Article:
Science Wednesday – Elk Spotting

by Katie Bowell, Curator of Interpretation

Last weekend, while taking a walk along one of Loveland’s bike trails, I came across eleven large, fuzzy butts. A rare surprise, indeed, but what was even a nicer surprise was who the butts belonged to.

Elk!

I kept my distance from the animals,* but was able to capture some beautiful shots.

I’ll admit to being initially surprised to see the elk (Cervus canadensis) where I did. Because of their presence and popularity in mountain communities like Estes Park, I associate elk with the Rocky Mountains, not the 7-11 across the street.

But, historically, these elk are right where they’re supposed to be. Like bison, deer and pronghorn, elk are traditional herbivores of the prairies. It wasn’t until the 1800s, as Europeans settled the American west and turned prairie into communities and farmland, that elk and other large grazers were pushed out of their historic range and up into the foothills and mountains.

Today, movement corridors like the Laramie Foothills-Mountains to Plains Project patchwork together public and private land to create pathways for elk and other animals to move between the mountains and the high plains. Communities like Loveland, nestled at the base of the foothills, are located within those corridors.

I was also surprised to see this many males together. Because I’m used to seeing elk during the fall mating season, when one male will guard a harem of females, all these males together seemed odd. But it’s not.

For most of the year, elk segregate themselves into single-sex groups. These young males (you can tell they’re male because they have antlers, and you can tell they’re young because the antlers are a little puny by elk-standards) will stick together until it’s mating time in the fall, and then they’ll compete with one another (and with males MUCH bigger than they are) for the available females.

A successful male will end up with a harem of often over 20 females, and unsuccessful males will hang around the edges of the harems, trying to sneak some elk-lovin’ when the dominant male isn’t looking. And they’ll urinate all over themselves, because apparently that’s a smell that keeps the ladies coming back.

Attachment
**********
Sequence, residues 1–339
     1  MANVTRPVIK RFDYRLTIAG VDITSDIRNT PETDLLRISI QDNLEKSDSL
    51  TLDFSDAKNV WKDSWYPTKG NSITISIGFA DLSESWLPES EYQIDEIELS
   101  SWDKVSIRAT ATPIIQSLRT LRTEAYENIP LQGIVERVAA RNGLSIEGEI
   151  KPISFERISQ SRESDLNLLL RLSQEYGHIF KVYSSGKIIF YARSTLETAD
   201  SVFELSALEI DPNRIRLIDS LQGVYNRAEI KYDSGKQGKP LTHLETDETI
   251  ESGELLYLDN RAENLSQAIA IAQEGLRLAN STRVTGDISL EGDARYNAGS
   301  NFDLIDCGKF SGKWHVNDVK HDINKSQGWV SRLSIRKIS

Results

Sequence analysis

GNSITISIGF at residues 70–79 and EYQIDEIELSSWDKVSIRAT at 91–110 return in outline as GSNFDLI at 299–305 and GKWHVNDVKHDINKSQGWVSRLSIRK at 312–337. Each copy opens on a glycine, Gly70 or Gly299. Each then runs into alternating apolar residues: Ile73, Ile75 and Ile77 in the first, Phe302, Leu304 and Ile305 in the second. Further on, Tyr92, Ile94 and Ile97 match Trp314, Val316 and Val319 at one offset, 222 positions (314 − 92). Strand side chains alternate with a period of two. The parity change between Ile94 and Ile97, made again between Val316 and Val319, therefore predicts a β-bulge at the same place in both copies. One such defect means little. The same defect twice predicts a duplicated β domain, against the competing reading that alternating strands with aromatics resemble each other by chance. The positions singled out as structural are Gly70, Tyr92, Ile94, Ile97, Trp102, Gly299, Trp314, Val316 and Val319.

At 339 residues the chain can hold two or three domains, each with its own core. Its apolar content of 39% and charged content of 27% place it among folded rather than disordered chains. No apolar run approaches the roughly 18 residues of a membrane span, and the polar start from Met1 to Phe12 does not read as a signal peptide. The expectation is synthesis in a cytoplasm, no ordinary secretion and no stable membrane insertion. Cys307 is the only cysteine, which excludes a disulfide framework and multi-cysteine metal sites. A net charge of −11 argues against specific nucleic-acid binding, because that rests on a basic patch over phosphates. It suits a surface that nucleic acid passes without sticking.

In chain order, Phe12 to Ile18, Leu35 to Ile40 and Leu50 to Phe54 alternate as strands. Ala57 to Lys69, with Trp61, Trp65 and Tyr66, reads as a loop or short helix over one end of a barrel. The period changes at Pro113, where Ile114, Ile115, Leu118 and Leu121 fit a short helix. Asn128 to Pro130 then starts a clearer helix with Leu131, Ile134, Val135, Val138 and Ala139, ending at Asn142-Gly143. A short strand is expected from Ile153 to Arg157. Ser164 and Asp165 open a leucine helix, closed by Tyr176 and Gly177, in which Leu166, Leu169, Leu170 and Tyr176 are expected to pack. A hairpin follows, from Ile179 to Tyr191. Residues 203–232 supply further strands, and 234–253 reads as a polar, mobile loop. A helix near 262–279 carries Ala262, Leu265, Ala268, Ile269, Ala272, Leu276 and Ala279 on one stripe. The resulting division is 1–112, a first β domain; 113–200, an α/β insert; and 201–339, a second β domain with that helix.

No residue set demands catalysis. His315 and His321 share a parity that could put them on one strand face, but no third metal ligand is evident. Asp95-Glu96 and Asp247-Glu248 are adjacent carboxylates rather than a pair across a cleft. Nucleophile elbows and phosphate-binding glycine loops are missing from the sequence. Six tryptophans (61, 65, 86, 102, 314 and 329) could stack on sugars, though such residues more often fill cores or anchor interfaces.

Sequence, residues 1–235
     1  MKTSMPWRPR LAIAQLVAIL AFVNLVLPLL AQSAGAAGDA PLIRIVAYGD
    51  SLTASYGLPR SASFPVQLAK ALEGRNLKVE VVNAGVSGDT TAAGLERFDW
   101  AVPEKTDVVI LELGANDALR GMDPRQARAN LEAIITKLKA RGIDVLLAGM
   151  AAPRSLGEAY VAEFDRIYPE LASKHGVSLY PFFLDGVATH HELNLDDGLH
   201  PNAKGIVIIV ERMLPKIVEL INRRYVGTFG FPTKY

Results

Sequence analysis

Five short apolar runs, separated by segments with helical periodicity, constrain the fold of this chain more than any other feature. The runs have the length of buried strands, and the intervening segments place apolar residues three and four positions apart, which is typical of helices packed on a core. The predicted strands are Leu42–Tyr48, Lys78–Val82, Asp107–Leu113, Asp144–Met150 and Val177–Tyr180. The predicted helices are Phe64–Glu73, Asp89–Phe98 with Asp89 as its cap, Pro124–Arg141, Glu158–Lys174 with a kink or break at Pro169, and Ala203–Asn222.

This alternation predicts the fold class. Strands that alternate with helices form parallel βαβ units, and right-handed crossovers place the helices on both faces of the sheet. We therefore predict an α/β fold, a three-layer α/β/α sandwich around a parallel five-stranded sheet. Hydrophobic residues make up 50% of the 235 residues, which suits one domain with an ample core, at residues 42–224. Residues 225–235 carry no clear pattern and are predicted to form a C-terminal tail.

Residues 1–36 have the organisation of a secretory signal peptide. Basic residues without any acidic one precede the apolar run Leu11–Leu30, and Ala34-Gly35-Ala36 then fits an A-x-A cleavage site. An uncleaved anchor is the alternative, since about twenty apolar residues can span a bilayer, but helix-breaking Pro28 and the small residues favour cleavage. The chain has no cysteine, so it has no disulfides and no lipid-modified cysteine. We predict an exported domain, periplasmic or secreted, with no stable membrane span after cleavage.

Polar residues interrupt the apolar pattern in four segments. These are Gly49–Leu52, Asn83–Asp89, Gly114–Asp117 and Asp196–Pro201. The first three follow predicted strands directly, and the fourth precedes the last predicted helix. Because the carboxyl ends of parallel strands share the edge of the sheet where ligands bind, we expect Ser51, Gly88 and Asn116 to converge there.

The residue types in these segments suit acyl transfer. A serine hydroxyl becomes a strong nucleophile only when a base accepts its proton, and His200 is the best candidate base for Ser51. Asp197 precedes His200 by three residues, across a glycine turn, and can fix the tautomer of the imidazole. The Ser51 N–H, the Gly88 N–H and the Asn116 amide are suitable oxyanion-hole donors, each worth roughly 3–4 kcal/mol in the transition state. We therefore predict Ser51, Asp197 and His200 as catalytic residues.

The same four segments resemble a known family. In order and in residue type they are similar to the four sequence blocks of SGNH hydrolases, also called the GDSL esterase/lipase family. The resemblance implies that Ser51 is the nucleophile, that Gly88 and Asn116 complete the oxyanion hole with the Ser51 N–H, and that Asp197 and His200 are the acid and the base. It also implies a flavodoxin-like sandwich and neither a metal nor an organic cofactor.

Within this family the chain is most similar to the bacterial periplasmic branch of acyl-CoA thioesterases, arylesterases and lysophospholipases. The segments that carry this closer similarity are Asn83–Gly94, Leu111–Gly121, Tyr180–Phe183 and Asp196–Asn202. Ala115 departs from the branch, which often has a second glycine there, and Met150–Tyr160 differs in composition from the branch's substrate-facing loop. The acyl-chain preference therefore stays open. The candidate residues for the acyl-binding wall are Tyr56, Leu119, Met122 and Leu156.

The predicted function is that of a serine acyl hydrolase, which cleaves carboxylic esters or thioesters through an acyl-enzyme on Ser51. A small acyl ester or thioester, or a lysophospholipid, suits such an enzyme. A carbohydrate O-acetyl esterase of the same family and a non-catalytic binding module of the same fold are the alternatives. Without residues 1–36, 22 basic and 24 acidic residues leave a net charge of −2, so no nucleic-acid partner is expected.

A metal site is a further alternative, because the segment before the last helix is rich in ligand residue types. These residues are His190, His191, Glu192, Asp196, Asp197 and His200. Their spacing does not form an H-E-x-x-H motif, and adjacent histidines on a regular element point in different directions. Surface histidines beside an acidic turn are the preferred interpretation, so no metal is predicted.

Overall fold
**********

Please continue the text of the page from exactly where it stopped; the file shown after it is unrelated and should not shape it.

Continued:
But, seriously, with tushes like those, what lady wouldn’t want to join one of their harems?

*And why was I so careful to keep my distance?

The best rule to remember is this: leave wild animals alone. Especially the eau d’ urine scented ones.

Have any of you spotted elk out and about in town? What about other wildlife in your area that you didn’t expect to see?

 

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2 Responses to “Science Wednesday – Elk Spotting”


  1. 1 Doug March 18, 2011 at 8:11 am

    Grizzly bears used to live on the plains also. Lewis and Clark encountered one as far east as present-day Bismarck, North Dakota. They still wander out into the prairie in the vicinity of Glacier National Park.

    I have no desire to meet a bear up close, but I think they are cool animals. In general, they just seem to have a bad attitude toward the human race!

  2. 2 Katie March 18, 2011 at 10:26 am

    Records like the ones left by Lewis and Clark are so important to understanding the historical ranges of organisms. Museums work the same way – because of the specimens and records preserved in collections, we know a lot more about biodiversity and how it’s changing.


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